My understanding is that in the European model, all that matters is who first applies for the patent. In the current US system, if you can prove that you had the idea first you have certain methods of recourse to right the situation even if you were not the first to apply or the patent. I could be mistaken here but I believe that with the change, that will no longer be the case. Someone can steal your idea and patent it and you are SOL.
    I think this is more the canadian model.
  20. SCO, while involved in some litigation with Novell, is primarily seeking damages from IBM. As for firestar, their claim is absurd.
  21. I am not afraid for JBoss because they haven't been shy about suing other people either ;-) http://thejbossissue.blogspot.com/
    To be sued for that excellence is quite outrageous.
  22. I am not afraid for JBoss because they haven't been shy about suing other people either ;-)

    http://thejbossissue.blogspot.com/

    To be sued for that excellence is quite outrageous.
    JBoss never sued anybody.
  23. I am not afraid for JBoss because they haven't been shy about suing other people either ;-)

    http://thejbossissue.blogspot.com/

    To be sued for that excellence is quite outrageous.


    JBoss never sued anybody.
    So is Rickard misinformed here, or lying?
  24. I am not afraid for JBoss because they haven't been shy about suing other people either ;-)

    http://thejbossissue.blogspot.com/

    To be sued for that excellence is quite outrageous.


    JBoss never sued anybody.
    http://www.theserverside.com/news/thread.tss?thread_id=29958
  25. I am not afraid for JBoss because they haven't been shy about suing other people either ;-)

    http://thejbossissue.blogspot.com/

    To be sued for that excellence is quite outrageous.


    JBoss never sued anybody.


    http://www.theserverside.com/news/thread.tss?thread_id=29958
    Interesting. I suppose their lawyers would remember how many threatening letters and/or law suits they produced.
  26. I am not afraid for JBoss because they haven't been shy about suing other people either ;-)

    http://thejbossissue.blogspot.com/

    To be sued for that excellence is quite outrageous.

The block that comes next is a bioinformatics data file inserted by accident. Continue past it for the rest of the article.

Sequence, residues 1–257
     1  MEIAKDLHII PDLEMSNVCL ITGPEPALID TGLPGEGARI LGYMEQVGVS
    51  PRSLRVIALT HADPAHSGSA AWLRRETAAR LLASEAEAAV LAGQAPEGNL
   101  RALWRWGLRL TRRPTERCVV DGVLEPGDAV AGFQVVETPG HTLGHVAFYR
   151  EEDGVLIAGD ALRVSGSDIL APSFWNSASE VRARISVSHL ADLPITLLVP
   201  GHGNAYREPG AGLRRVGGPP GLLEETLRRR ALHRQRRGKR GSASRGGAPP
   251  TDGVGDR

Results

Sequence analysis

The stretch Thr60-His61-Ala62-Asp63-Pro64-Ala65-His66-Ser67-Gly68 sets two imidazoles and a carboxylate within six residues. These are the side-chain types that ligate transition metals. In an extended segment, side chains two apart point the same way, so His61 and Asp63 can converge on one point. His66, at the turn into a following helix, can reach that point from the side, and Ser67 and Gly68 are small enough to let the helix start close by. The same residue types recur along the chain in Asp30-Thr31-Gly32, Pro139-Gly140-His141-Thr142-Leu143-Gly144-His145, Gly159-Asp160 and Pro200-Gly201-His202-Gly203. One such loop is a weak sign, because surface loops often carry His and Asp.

JBoss never sued anybody.


    http://www.theserverside.com/news/thread.tss?thread_id=29958
    No lawsuit there either.
  27. I am not afraid for JBoss because they haven't been shy about suing other people either ;-)

    http://thejbossissue.blogspot.com/

    To be sued for that excellence is quite outrageous.


    JBoss never sued anybody.


    http://www.theserverside.com/news/thread.tss?thread_id=29958


    No lawsuit there either.
    Bill is actually quite correct. Why go to court when threats will do the job. Cleaner and cheaper.
  28. I am not afraid for JBoss because they haven't been shy about suing other people either ;-)

    http://thejbossissue.blogspot.com/

    To be sued for that excellence is quite outrageous.


    JBoss never sued anybody.


    http://www.theserverside.com/news/thread.tss?thread_id=29958


    No lawsuit there either.


    Bill is actually quite correct. Why go to court when threats will do the job. Cleaner and cheaper.
    Well, then the only difference here is that Red Hat wouldn't settle, since it has enough money not to be intimidated. But it's the same thing.
  29. One out of two developers who have ever built database-oriented programs has done something like this. The whole point of Hibernate and other dedicated ORM systems is to free normal app developers from reimplementing the same thing again and again.
  30. Just Say No to software patents![ Go to top ]

    The title says it all. Software patents are sure fire way to stifle innovation.
  31. This is exactly why software patents shouldn't be allowed. All it does is encourage baseless lawsuite, like the whole blackberry thing. They really should have some stiff penalties for bringing these cases.
  32. Ugly business meets ugly lawyer.That's all.